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For when Chris rebuilt Baldry Court after his marriage, he handed it over to architects who had not so much the wild eye of the artist as the knowing wink of the manicurist, and between them they massaged the dear old place into matter for innumerable photos in the illustrated papers.But of late this universe unto itself cannot quite keep out an England altered by ambition and industry. Only a few miles away a "red suburban stain," Wealdstone, has somehow cropped up. And one day all is permanently altered--or, rather, revealed--when a Wealdstone resident comes bearing news of Captain Baldry. Mrs. William Gray is clearly not of Chris's wife Kitty and his cousin Jenny's class, as Kitty in particular makes her aware. "Again her gray eyes brimmed," Jenny observes. "People are rude to one, she visibly said, but surely not nice people like this." How is it, then, that this dreary, "dingy" woman knows Chris and knows that something has happened to him? And how is it that Jenny soon comes to see her as someone "whose personality was sounding through her squalor like a beautiful voice singing in a darkened room"?
In the remainder of this brief, perfect novel, a vanished (or repressed) past and its lost prospect of happiness comes to the fore. Rebecca West is best remembered for Black Lamb and Grey Falcon: A Journey Through Yugoslavia (1941), but she displays the same vision--and a similar degree of realism--in her charged 1916 novel. Many readers will passionately regret the book's last twist, even as they know it to be artistically as well as historically true. --Kerry Fried --This text refers to an alternate Paperback edition.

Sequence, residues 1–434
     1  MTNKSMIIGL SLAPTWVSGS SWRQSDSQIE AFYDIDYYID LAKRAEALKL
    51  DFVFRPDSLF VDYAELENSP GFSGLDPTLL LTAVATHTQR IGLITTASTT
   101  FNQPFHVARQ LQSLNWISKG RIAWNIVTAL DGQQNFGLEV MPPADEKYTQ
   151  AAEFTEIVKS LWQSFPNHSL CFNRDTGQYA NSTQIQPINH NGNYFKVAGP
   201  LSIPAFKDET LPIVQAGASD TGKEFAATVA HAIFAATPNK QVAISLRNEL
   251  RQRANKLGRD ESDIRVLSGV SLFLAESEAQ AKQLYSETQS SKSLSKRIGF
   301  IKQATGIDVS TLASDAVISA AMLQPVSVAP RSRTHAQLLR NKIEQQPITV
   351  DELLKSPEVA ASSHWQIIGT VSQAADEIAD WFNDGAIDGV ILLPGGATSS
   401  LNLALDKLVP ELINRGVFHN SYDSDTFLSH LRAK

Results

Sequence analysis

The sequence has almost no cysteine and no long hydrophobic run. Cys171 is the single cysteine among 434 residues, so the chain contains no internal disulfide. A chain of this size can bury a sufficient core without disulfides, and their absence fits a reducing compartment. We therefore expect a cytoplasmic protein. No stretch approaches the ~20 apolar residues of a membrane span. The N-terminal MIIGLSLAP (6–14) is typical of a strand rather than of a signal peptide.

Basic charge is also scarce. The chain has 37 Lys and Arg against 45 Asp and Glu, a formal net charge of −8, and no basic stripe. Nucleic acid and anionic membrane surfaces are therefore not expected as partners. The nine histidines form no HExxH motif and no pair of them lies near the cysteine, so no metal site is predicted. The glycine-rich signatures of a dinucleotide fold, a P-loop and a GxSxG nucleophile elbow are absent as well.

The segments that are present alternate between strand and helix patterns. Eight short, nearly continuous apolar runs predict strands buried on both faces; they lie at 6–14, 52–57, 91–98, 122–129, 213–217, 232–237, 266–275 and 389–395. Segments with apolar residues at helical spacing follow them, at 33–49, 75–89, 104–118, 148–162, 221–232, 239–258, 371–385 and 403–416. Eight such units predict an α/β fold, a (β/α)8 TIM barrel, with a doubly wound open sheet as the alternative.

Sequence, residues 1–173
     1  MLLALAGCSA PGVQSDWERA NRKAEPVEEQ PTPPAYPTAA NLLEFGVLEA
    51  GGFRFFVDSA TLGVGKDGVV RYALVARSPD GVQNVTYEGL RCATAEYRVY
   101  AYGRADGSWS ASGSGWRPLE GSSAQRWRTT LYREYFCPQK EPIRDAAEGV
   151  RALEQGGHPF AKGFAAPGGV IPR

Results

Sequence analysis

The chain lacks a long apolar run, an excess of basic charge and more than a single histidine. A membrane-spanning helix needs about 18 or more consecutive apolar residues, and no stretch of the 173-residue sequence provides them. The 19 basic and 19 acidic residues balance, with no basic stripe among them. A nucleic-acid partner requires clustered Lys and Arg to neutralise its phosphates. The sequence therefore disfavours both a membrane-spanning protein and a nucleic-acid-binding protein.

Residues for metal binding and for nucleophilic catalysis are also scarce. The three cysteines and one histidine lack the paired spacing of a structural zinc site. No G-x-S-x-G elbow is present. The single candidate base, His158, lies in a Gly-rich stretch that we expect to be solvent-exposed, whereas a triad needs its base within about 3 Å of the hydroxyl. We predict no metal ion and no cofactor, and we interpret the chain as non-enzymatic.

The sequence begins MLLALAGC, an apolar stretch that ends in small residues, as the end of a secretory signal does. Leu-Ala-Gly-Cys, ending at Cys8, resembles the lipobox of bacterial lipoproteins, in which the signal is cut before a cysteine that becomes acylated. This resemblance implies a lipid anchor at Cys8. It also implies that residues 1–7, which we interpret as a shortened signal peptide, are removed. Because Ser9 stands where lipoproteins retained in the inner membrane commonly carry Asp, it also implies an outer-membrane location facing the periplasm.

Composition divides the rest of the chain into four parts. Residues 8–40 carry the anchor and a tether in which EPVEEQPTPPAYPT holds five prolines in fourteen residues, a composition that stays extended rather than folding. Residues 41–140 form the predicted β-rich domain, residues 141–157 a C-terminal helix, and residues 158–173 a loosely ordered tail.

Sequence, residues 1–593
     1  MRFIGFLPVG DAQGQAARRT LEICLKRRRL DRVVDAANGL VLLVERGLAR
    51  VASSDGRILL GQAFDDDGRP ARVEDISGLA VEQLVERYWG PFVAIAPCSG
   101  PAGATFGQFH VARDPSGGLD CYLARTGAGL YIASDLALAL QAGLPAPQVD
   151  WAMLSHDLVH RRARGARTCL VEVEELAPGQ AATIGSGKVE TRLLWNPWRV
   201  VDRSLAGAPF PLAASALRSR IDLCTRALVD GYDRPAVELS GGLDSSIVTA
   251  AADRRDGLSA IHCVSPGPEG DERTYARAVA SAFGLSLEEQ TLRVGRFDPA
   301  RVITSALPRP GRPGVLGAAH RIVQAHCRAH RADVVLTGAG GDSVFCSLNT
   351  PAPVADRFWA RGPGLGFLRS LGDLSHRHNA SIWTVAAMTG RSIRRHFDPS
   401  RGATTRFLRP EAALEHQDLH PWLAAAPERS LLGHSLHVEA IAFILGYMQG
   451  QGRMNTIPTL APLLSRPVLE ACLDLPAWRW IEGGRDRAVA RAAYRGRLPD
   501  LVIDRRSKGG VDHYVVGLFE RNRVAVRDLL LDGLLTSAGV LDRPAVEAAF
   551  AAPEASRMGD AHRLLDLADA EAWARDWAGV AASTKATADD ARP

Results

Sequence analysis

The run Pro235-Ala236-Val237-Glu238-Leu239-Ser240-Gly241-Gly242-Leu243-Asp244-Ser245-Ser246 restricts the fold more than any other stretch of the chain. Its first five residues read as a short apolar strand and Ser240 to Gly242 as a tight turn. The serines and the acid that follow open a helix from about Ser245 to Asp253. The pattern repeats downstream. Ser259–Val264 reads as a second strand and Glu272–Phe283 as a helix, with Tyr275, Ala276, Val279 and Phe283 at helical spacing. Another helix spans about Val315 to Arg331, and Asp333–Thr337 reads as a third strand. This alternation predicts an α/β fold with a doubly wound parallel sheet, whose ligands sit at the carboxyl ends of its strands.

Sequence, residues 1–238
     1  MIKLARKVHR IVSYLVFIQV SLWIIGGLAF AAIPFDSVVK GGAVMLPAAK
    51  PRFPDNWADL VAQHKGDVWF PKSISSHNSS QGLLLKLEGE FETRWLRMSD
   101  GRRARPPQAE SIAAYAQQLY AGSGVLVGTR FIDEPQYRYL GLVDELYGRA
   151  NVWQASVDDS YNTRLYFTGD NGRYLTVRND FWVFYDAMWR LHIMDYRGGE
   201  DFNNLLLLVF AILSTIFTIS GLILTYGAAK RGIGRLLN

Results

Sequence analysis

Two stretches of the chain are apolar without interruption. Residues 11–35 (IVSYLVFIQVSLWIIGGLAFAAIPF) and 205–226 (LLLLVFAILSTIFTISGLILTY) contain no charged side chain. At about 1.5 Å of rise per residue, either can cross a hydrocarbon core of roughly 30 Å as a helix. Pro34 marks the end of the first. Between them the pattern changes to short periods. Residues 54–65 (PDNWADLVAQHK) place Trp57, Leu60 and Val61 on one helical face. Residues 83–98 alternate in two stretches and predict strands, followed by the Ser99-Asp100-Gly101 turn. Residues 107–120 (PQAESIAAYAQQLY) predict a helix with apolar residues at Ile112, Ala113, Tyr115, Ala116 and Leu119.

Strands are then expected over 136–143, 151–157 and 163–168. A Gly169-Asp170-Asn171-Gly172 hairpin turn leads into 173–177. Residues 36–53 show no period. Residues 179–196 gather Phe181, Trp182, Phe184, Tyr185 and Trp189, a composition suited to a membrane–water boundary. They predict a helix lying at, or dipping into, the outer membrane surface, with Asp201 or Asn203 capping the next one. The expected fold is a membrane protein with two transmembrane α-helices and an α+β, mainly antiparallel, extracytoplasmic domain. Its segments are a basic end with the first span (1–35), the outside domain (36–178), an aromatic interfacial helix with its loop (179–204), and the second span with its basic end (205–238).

I read it in a day and as soon as I finished, I wanted to re-read it.
The fourth, the hero's cousin who is the main narrator, is more complex, but she too became unconvincing to me by the end of the book.
This story is beautifully written and explores many themes, including classism, elitism, true love and hate.
This story not only reveals the physical and psychological effects of World War I on human beings, but also the distinction and separation of social classes.Published 1 month ago by Diana Miranda
A beautiful portrait of shell shock, misery, and true love. The real hero is Margaret. She loses her own happiness.Published 1 month ago by Jeanne D. Taylor
I found this book after reading "The Fountain Overflows" by the same author and enjoying it immensely. Read morePublished 1 month ago by Lewis Woolston
This novel is short and tells the story of a WWI British soldier who returns from battle broken and with amnesia. He dooes not recognize his wife. She is just a fixture to him. Read morePublished 2 months ago by LouAnn LaJeunesse
This is a great read for those trying to better understand domestics at the time of the war.Published 2 months ago by Cassie Zeiner
Like nothing else. Incredibly precise descriptions of emotions. Beautifully insightful. It is an intense psychological study of the nature of love.Published 3 months ago by Kindle Customer
Before I read this, I had known of Rebecca West only through her famous book on Yugoslavia, Black Lamb and Grey Falcon. Read morePublished 5 months ago by Mike Robbins